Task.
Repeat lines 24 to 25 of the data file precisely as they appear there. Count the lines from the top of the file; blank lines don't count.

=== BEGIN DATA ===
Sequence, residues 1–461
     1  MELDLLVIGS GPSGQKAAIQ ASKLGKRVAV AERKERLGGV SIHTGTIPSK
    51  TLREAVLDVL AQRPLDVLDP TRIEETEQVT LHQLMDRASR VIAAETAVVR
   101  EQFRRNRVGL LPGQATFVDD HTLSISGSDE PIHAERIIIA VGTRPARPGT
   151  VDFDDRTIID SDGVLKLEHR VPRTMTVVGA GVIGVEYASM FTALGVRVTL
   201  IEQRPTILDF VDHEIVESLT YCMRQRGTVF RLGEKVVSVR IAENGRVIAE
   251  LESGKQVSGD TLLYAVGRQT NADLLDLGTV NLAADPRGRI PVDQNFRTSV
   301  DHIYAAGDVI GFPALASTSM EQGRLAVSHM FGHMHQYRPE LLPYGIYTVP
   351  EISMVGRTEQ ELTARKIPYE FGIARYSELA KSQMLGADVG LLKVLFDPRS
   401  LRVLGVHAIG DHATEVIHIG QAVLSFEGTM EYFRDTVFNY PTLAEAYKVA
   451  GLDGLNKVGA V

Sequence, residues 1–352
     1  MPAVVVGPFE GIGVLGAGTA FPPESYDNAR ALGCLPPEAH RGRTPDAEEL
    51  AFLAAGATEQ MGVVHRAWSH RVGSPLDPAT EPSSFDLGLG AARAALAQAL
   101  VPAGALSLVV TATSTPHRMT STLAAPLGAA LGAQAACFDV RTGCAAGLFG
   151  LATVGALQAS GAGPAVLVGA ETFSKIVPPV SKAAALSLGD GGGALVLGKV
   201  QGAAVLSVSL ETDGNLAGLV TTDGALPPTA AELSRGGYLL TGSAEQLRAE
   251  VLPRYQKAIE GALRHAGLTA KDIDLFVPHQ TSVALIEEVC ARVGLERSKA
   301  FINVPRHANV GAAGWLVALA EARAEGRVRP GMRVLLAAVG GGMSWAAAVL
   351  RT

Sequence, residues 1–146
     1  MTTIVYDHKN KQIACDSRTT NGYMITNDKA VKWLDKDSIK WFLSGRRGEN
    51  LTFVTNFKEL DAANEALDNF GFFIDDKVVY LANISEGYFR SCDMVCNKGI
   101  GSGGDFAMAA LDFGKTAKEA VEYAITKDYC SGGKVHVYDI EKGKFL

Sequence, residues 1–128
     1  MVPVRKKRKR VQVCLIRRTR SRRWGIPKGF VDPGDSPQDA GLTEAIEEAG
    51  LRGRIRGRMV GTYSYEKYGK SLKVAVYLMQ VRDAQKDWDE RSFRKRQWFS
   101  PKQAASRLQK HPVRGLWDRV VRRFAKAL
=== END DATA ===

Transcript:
   101  GSGGDFAMAA LDFGKTAKEA VEYAITKDYC SGGKVHVYDI EKGKFL

Sequence, residues 1–128